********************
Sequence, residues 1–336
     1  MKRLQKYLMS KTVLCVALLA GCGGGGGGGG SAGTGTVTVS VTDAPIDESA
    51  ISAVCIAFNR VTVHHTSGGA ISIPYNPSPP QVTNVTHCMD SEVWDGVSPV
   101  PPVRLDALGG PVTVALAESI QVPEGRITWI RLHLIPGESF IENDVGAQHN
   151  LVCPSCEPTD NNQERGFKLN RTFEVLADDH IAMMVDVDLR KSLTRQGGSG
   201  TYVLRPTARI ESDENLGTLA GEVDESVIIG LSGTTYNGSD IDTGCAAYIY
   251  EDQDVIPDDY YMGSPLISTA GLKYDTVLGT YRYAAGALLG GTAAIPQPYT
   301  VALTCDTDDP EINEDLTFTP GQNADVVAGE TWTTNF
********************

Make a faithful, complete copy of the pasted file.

Sequence, residues 1–336
     1  MKRLQKYLMS KTVLCVALLA GCGGGGGGGG SAGTGTVTVS VTDAPIDESA
    51  ISAVCIAFNR VTVHHTSGGA ISIPYNPSPP QVTNVTHCMD SEVWDGVSPV
   101  PPVRLDALGG PVTVALAESI QVPEGRITWI RLHLIPGESF IENDVGAQHN
   151  LVCPSCEPTD NNQERGFKLN RTFEVLADDH IAMMVDVDLR KSLTRQGGSG
   201  TYVLRPTARI ESDENLGTLA GEVDESVIIG LSGTTYNGSD IDTGCAAYIY
   251  EDQDVIPDDY YMGSPLISTA GLKYDTVLGT YRYAAGALLG GTAAIPQPYT
   301  VALTCDTDDP EINEDLTFTP GQNADVVAGE TWTTNF